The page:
By Gwendolyn Ramos-Garcia
I have long pondered the question because of the vast number of transplants who have decided to stay and make Cagayan de Oro “home”.
Some understandably uprooted themselves from their hometowns and settled here because they married into local families. Prime examples : Segundo Gaston of Silay and Dionisio Fabella of Pagsanjan who married my grandfather’s 2 younger sisters, Celerina and Rosario Neri, respectively; Diego Imperio & Crispin Joaquin to Celerina’s & Rosario’s younger sisters, Gracia and Violeta, Jose Montalvan of Belmonte, Cuenca, Spain to Concepcion Corrales y Roa (my great grandmother’s sister), Dr. Francisco Xavier of Antique to Dolores Roa ( my grandmother’s sister), Valente Camacho of Bataan to Luz Chaves y Neri, Benjamin Denosta to Enriqueta Garcia y Corrales, Casimiro Tamparong of Ozamis to Felisa Neri, Silvino Maestrado to Josefa Chaves y Abejuela, George Willkom of Ohio to Maria Ramos (cousin of my grandfather, Lucio), Dr. Jose Marfori to Carmen Neri, Justininiano R. Borja of Bohol & Ilocos to Dulce Valdehueza y Roa, Monico Gacula to Nena Montalvan y Corrales, Manolo Jaldon of Zamboanga to Flora Yamut, Hernando Pineda of Manila to Trinidad Reyes y Roa, Fernando Torres to Victoria Avancena, Rosauro Dongallo of Cebu to Didi Valmores, Mike Siojo to Naty Tabique, Jaime Munoz & Johnny Wilson to sisters Soly & Editha Corrales, Bernabe de la Fuente of Cotabato to Mercedes.Velez y Xavier (actually, 3 de la Fuente brothers, all boarders at the Ateneo de Cagayan, married 3 local belles – Mercedes Velez, Dulce Bautista & Violeta Fernandez). and the list goes on & on.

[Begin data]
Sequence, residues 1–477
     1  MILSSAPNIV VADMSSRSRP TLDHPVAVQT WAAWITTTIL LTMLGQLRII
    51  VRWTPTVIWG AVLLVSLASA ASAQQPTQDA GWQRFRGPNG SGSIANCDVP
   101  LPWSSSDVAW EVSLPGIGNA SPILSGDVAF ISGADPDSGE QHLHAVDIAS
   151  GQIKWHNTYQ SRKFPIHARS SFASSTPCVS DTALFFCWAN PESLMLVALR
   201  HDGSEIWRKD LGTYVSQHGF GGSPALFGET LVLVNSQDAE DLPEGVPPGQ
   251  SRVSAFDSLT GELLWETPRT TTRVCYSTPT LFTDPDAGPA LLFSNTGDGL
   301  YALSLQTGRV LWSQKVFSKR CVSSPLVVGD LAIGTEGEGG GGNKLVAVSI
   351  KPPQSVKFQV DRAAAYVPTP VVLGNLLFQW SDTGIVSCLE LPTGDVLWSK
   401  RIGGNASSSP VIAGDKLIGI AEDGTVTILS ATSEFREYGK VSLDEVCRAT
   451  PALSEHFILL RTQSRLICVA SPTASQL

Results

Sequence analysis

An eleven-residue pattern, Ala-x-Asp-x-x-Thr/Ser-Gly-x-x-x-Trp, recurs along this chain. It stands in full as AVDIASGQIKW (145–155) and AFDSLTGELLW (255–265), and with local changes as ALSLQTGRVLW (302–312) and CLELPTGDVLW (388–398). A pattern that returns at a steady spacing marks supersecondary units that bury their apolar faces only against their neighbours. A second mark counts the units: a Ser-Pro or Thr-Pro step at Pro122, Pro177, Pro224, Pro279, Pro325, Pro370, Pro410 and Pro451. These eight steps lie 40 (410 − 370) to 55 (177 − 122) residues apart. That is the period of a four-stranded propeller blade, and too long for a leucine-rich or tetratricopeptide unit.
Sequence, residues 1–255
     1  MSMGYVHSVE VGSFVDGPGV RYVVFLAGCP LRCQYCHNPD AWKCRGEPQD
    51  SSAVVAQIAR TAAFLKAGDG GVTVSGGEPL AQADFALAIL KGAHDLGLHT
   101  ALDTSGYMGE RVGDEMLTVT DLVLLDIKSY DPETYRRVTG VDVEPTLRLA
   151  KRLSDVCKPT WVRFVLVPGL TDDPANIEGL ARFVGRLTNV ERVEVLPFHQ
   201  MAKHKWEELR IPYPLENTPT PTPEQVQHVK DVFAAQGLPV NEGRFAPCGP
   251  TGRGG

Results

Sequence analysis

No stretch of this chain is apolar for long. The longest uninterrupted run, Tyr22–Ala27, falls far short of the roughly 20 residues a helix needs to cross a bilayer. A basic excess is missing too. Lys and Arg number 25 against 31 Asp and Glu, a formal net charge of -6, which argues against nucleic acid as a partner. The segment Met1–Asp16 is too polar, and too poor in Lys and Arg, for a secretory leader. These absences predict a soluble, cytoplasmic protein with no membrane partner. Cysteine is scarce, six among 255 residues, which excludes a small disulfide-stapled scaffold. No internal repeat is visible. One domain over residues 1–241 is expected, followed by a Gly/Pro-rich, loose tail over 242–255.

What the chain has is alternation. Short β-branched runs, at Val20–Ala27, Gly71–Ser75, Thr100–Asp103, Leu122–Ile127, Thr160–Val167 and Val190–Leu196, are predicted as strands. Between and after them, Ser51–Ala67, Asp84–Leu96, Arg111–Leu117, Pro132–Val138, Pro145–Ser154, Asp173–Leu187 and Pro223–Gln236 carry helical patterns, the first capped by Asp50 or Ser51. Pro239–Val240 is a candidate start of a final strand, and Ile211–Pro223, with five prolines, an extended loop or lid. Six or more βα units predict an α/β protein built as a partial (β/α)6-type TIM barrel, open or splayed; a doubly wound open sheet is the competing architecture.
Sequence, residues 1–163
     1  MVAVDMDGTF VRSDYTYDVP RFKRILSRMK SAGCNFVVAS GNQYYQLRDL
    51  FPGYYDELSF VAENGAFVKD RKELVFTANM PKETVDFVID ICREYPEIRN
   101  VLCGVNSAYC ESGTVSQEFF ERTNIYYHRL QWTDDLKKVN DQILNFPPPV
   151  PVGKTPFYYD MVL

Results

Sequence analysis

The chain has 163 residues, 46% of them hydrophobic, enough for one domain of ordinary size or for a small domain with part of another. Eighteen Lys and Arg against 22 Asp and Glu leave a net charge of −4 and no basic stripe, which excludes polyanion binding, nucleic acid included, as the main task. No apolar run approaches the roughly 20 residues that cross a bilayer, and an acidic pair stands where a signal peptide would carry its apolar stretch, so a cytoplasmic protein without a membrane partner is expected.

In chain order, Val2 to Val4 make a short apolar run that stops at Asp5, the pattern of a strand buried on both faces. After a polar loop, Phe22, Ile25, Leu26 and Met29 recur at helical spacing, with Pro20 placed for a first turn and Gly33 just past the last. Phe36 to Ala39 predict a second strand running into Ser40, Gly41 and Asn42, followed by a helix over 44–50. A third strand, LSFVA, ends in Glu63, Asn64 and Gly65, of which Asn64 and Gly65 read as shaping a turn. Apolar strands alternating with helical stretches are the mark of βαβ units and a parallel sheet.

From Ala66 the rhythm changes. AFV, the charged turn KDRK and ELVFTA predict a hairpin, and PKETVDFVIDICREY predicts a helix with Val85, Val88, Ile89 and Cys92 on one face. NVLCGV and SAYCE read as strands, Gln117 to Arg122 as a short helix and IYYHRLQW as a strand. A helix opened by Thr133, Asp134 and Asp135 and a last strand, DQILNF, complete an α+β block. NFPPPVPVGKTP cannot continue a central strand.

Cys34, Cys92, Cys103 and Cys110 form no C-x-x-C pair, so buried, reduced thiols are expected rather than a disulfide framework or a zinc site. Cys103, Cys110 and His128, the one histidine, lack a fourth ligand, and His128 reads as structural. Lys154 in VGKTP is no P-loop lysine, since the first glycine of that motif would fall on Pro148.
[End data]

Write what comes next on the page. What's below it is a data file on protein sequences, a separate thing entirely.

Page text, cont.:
But what about those who did not really have close ties to this town ? What magnet drew them to Cagayan? Was it a new job assignment or a business venture? Or perhaps just a pining to go elsewhere & try one’s luck someplace other than one’s turf. Some must have been assigned here – that is probably what happened to government doctors – Jose Zamora, Manuel Montenegro, Iluminado Almonte and Dr. Macaranas; or military doctors/dentists like aforementioned Dr. Marfori and Dr. Reynaldo Agoncillo, or judges like Ben Gorospe and Judge Antillon; still others worked for companies like Del Monte, San Miguel & Coca-Cola like Nene Celdran of Iligan and Juan Aguirre of Ormoc; or other families like the Floirendos of Luzon and the Luminarias brothers and the Vitorillos from Bohol who set up businesses.
In the case of Sally & Annie Ompoc, they were born in Seattle but came back to the Philippines with their parents in 1940, settled in El Salvador & moved to Cagayan de Oro in 1946 then married local boys Bonifacio Avancena & Jose Roa, respectively. Fairly recent transplants are Ben & Alice Trinidad, Jose & Carmen del Fierro, Jun & Cora Salcedo del Fierro, Arsenio & Girlie Sebastian, Mdm. Laureana Rosales and her daughters & their families.
One big family with interesting origins are the Malferraris. The original Cesar Malferrari of Bologna, Italy, was the photographer of a circus from Italy who got stranded in Manila when the circus went bankrupt. He met Dolores Fortich of Cebu; they married & settled in Cagayan de Oro and had Cesar, Jr., father of Tony, Ernesto, Nene, Berting & Nena M. Zablan. When Cesar Sr. died his widow married the father of the late Danding Cecilio, a soldier who came to the P.I. during the Spanish-American war.